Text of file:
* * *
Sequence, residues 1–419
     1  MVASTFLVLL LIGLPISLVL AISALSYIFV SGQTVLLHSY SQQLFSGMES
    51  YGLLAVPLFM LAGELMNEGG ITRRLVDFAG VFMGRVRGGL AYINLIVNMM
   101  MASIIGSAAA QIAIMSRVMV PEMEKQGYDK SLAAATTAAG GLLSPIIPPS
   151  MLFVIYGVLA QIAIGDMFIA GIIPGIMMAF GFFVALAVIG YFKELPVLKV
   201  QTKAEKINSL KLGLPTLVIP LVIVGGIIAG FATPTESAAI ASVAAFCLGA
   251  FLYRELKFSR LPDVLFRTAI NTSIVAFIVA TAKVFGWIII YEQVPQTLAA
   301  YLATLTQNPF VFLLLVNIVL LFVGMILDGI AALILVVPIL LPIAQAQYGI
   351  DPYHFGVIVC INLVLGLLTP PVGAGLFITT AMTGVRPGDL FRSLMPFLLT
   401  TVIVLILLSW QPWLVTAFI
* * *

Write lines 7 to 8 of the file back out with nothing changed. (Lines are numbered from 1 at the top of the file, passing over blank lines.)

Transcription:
   251  FLYRELKFSR LPDVLFRTAI NTSIVAFIVA TAKVFGWIII YEQVPQTLAA
   301  YLATLTQNPF VFLLLVNIVL LFVGMILDGI AALILVVPIL LPIAQAQYGI